First, pay players in marketplace fashion–starting with recruitment and then on a sliding scale based on performance. It is what it is: “Amateurism” is preposterously passé. Attending class would be optional. Those who actually belong on a college campus could actually work toward a degree on a part-time basis. Those for whom this is a 13th-grade, trade school experience can concentrate on basketball without becoming shamstudent-athletes” who only further undermine the integrity of higher education.

Second, only admit those who actually deserve to be admitted to a real university. It’s not for everybody. We’re talking SATs and high school or community college GPAs. If you can’t make the cut, let the National Basketball Association follow the role model of Major League Baseball with a viable minor league system. That way the league and its franchises can pay to train their own future employees.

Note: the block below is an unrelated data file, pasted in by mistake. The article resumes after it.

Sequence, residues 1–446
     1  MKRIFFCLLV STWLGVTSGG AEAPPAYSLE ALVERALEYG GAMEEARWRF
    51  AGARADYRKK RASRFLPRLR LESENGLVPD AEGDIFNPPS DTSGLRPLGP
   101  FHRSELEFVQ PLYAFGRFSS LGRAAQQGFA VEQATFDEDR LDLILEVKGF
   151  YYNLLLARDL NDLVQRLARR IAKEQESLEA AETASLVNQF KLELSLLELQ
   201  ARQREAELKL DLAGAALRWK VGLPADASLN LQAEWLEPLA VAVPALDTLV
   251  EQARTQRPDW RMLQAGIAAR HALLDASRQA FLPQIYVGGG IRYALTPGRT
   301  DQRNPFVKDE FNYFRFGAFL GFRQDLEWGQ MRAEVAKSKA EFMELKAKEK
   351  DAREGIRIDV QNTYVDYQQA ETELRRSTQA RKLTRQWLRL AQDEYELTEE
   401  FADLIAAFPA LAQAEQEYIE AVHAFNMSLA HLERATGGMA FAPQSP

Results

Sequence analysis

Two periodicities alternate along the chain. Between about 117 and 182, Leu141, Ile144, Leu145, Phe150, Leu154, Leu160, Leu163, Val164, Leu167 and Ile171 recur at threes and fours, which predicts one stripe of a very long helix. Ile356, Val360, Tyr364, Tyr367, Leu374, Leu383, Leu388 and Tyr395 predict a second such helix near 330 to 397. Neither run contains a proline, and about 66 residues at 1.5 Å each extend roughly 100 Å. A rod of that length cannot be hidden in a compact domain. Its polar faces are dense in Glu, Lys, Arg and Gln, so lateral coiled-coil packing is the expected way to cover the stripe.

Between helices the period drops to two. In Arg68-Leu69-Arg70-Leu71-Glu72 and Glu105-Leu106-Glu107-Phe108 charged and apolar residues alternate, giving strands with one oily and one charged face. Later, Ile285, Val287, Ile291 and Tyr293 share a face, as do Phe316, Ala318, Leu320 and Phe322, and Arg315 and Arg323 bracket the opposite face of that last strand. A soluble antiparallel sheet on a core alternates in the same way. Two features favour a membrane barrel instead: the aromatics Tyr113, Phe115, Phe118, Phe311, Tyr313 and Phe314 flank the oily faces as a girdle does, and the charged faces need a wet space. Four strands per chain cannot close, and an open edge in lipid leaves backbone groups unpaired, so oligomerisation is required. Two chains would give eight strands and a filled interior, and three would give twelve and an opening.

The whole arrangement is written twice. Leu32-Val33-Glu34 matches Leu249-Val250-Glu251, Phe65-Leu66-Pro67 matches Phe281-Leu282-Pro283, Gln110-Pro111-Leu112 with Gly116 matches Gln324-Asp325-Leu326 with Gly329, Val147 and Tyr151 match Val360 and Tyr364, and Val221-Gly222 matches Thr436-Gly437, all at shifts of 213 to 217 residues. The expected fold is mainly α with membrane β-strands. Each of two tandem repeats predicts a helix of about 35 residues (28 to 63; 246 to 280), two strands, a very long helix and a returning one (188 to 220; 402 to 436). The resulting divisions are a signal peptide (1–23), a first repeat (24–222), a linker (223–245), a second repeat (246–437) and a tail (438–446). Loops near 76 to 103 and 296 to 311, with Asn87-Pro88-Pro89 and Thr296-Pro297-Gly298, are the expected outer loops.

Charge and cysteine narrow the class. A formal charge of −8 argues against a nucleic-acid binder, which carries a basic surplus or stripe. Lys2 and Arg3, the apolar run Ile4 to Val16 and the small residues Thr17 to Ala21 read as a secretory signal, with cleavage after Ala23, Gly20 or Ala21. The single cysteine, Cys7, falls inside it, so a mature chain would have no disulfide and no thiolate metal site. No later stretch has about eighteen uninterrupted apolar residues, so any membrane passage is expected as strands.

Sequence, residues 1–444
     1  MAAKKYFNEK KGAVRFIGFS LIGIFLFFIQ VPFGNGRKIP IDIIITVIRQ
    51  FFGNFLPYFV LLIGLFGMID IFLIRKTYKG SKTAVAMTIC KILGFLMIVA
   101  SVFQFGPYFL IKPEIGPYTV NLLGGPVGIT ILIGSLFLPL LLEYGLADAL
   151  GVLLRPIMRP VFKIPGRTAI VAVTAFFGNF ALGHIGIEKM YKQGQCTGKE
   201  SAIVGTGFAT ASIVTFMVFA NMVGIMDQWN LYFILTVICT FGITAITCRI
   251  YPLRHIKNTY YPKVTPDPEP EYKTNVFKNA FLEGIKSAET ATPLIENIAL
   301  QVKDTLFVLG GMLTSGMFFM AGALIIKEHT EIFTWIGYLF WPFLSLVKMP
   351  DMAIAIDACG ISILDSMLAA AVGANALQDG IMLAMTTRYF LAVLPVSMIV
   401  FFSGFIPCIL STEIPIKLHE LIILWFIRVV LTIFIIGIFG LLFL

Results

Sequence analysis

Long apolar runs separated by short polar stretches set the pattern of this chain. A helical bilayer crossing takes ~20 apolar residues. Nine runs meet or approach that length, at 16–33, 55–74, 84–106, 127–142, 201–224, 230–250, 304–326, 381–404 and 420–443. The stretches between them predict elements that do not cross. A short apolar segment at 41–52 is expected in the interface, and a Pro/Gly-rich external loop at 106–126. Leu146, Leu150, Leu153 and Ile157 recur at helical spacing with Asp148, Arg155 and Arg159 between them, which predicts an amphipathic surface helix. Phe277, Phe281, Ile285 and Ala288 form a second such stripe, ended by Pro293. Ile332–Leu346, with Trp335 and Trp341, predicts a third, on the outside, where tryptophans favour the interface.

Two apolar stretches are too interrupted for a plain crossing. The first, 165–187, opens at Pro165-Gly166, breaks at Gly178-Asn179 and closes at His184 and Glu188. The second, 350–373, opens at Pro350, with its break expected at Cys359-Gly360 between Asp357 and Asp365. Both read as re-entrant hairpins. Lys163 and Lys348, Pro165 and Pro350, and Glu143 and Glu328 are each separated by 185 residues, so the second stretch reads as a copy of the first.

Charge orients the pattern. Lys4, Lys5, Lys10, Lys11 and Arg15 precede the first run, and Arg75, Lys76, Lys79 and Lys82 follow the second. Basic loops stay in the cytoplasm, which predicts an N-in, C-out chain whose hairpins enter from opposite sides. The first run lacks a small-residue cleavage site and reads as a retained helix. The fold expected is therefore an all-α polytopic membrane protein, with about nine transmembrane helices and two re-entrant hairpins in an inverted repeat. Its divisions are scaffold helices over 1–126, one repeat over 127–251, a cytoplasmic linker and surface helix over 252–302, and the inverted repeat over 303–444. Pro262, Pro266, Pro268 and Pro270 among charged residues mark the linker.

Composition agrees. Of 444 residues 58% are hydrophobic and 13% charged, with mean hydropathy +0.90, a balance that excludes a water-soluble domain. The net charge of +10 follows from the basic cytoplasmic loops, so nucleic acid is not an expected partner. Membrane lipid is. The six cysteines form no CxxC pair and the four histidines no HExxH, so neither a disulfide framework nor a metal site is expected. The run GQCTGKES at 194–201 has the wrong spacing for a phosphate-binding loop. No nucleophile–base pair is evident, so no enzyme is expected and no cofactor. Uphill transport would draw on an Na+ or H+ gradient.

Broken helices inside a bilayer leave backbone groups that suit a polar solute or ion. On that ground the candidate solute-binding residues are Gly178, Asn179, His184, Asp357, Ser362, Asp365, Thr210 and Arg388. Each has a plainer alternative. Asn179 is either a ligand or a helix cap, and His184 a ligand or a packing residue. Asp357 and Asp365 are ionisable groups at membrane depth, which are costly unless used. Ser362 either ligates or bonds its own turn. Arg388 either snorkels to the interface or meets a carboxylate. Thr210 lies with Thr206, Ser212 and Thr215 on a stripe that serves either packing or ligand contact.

* I love it when Tampa lands a Super Bowl or a Women’s Final Four or a Frozen Four or an NHL All Star game. It’s further validation of what we’ve evolved into, plus it’s a great marketing coup. Next Super Bowl is only three years away.

And now we know that the Tampa Bay Sports Commission is seriously pursuing “Wrestlemania,” sometimes dubbed the Super Bowl of pro wrestling, for 2023, ’24 or ’25. Only one downside: It’s pro wrestling.

Sports Shorts

* The Bucs Ring of Honor will be adding another inductee this season–and it will be at halftime of the Sept. 24 Monday Night Football game at Ray Jay against the Pittsburgh Steelers. The honoree will be Tony Dungy, who, as was the case with last year’s honoree, Jon Gruden, is a former Bucs coach. Something else they also have in common: They were both fired.